The event was a follow up of the recently published report of the high-level panel appointed by UN secretary general Ban Ki-moon to develop a global vision after the expiry of the millennium development goals (MDGs) in 2015.
    Development Commissioner Andris Piebalgs, who is one of the 27 “eminent personalities” who authored the report, said the high-level panel had took a more ambitious approach than just focusing on "the unfinished business” of present MDGs. But the main focus of his statement was on environmental issues. “If we don’t deal with environmental sustainability, if we don’t deal with climate change, it will be impossible to eliminate poverty, and it will be the poorest countries which will suffer the most,” Piebalgs said. States must put sustainable development at the core. Production and consumption must become sustainable, he argued.
    EU Environment Commissioner Janez Potočnik added that the report fails to mention the economic transformation needed to reach a sustainable consumption, and any targets for the quality of oceans and the air.
    EU’s general position on the overarching post-2015 agenda, as reflected in Council Conclusions, is that drivers for transforming the economy into a green one need to be "explicitly reflected” in the new targets.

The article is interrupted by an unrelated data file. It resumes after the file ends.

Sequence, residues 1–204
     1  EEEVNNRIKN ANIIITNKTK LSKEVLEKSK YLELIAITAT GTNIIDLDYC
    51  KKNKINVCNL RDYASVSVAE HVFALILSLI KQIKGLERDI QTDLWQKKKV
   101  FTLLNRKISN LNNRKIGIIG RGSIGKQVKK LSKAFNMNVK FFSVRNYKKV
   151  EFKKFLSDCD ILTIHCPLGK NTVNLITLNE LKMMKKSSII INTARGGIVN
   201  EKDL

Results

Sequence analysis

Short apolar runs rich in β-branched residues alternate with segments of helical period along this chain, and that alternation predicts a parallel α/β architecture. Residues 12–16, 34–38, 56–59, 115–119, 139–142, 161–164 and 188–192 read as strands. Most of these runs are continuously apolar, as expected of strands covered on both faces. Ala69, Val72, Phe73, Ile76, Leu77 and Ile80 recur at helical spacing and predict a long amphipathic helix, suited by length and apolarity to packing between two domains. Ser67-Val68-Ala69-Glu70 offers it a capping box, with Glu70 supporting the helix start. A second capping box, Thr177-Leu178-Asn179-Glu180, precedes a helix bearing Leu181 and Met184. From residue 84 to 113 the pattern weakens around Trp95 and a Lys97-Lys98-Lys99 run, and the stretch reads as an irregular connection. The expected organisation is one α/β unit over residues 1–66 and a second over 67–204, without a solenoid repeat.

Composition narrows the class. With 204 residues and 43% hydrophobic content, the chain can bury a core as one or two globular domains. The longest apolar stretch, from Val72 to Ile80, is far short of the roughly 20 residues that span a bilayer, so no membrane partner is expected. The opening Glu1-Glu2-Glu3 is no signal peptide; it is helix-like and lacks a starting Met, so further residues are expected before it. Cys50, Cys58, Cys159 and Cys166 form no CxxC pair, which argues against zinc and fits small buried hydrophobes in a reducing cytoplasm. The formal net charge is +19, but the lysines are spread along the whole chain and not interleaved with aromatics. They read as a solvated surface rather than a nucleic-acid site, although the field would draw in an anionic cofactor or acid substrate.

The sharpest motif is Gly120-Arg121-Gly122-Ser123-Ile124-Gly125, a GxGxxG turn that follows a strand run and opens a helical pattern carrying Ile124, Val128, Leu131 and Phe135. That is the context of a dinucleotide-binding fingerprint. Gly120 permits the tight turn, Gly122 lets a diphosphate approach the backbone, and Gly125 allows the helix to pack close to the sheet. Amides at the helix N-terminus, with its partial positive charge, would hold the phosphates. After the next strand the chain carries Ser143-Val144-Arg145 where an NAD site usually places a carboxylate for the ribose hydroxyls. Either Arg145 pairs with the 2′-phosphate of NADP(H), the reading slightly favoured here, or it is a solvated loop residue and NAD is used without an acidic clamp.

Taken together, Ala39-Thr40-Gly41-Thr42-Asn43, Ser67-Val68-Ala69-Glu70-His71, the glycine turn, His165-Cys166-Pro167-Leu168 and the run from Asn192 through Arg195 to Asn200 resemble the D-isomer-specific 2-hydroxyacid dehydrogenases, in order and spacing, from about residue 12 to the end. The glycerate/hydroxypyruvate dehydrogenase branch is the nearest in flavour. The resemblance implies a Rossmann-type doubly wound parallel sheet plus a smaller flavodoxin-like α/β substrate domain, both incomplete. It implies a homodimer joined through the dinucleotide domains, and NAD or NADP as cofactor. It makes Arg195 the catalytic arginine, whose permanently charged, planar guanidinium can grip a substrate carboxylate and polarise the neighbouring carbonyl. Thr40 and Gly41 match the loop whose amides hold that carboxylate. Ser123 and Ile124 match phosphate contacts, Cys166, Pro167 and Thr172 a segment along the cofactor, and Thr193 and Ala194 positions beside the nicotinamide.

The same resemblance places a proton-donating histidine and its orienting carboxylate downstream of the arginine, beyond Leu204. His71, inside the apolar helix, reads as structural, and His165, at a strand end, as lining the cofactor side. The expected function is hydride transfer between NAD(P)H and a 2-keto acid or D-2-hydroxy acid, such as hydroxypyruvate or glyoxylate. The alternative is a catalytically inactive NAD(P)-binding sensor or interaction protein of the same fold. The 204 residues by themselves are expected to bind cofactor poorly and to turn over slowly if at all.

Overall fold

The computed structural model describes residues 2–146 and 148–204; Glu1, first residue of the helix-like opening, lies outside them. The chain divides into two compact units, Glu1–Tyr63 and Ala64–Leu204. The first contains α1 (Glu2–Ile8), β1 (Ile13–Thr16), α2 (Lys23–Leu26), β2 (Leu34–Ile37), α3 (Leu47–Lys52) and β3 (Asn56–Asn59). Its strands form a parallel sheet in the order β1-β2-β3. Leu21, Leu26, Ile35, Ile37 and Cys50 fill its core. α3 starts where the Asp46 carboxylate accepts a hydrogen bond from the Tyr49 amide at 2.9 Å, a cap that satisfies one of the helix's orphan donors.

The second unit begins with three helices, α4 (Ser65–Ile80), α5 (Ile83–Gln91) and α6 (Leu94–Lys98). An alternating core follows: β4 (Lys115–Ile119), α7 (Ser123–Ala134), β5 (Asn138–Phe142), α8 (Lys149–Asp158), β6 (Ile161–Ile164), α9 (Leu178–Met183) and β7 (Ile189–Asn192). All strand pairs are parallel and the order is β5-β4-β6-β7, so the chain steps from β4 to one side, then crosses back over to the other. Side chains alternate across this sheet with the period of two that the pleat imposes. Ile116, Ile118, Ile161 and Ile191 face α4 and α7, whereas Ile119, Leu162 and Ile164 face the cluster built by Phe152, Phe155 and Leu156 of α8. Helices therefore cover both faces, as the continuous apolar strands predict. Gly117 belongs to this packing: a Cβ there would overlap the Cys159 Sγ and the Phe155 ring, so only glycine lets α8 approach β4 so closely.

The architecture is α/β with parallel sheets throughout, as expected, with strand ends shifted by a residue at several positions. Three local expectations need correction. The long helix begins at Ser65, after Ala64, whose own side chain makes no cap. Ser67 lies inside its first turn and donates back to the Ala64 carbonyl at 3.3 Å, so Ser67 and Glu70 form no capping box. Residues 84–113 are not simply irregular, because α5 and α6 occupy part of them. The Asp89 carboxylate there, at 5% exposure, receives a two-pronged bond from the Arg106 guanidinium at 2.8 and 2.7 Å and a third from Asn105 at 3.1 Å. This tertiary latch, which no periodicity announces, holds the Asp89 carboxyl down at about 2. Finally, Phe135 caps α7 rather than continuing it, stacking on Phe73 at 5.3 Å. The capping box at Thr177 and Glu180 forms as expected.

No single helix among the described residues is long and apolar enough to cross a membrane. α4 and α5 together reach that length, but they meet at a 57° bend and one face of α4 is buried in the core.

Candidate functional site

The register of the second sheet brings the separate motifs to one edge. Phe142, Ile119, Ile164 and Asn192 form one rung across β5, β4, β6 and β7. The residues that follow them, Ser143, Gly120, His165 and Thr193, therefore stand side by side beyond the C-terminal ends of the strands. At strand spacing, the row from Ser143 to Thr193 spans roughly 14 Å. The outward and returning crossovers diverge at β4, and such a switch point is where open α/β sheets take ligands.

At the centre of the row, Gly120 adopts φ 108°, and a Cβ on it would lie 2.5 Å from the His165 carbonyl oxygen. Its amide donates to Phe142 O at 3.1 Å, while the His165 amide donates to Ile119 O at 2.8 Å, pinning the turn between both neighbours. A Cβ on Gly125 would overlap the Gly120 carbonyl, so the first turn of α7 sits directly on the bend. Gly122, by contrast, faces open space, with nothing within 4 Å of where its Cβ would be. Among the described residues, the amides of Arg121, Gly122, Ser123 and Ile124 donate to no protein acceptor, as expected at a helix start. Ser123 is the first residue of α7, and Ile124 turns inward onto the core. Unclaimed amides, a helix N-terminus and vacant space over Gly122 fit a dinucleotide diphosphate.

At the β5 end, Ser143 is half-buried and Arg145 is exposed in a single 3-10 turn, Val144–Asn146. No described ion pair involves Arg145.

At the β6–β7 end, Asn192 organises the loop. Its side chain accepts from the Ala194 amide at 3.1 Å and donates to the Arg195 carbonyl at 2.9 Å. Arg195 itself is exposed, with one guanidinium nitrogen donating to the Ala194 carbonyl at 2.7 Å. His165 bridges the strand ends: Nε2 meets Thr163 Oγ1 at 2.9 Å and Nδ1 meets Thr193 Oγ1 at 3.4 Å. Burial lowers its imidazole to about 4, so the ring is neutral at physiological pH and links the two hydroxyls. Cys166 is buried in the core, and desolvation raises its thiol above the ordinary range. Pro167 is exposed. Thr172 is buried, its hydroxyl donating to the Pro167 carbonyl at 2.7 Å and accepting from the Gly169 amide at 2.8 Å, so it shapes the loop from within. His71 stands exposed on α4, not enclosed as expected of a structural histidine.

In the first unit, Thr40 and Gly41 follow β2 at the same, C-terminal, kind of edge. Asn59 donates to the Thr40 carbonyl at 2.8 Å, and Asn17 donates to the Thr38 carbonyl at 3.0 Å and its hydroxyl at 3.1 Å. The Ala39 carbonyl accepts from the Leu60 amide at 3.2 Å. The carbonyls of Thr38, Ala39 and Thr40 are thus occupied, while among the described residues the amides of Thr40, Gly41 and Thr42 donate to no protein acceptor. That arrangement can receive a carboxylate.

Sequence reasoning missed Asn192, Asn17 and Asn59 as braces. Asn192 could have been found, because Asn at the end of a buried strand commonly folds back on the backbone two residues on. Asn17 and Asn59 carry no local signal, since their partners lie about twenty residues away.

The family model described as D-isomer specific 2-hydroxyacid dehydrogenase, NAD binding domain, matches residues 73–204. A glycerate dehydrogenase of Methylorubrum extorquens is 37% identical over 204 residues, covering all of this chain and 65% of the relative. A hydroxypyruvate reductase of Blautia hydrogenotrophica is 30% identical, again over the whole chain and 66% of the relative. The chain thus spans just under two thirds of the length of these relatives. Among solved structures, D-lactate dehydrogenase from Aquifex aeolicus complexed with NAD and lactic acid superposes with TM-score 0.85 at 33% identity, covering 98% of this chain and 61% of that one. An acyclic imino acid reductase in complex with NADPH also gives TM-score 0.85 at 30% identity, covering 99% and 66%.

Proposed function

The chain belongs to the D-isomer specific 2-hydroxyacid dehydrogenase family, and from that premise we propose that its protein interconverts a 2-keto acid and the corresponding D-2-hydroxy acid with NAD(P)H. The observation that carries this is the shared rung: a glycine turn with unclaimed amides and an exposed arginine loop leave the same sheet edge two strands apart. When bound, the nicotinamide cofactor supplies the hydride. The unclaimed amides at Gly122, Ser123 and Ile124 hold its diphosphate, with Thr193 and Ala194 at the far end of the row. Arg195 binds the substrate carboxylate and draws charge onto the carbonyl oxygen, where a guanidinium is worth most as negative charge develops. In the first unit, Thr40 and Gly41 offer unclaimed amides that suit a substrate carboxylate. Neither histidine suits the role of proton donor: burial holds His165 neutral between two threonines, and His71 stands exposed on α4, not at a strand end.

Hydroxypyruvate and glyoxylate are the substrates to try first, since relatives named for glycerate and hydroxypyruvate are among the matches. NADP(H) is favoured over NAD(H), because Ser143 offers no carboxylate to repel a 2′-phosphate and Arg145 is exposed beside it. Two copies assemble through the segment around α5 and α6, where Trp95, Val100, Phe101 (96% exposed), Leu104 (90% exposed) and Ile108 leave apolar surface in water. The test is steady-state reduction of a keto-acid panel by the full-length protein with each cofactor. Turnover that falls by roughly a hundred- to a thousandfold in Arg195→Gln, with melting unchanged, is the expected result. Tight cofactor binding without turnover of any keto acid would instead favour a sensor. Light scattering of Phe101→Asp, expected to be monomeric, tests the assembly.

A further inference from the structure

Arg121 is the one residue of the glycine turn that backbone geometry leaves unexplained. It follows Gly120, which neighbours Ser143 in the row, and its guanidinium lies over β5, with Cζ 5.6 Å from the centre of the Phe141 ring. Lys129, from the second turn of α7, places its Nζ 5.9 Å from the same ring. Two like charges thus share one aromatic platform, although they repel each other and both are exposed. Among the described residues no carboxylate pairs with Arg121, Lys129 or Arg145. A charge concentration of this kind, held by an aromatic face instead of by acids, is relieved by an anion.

Piebalgs said that the next steps following the report will include prepartions for the United Nations “Special Event” to follow up on efforts made towards achieving the MDGs (New York, September 2013) and agree steps for post-2015 MDGs.

    Source: EurActiv


    Link Read more
    Link Report on post-2015 development agenda:
    Link Read the report


  11. New Fisheries Partnership agreement between EU and The Cook Islands
    2013-07-17
    NEWSLETTER_CATEGORIES : Regional Fisheries

    The last Council meeting on Agriculture and Fisheries, held in Brussels on 15 July 2013, adopted a decision authorising the European Commission to open negotiations on behalf of the EU for a fisheries partnership agreement (FPA) with the Cook Islands.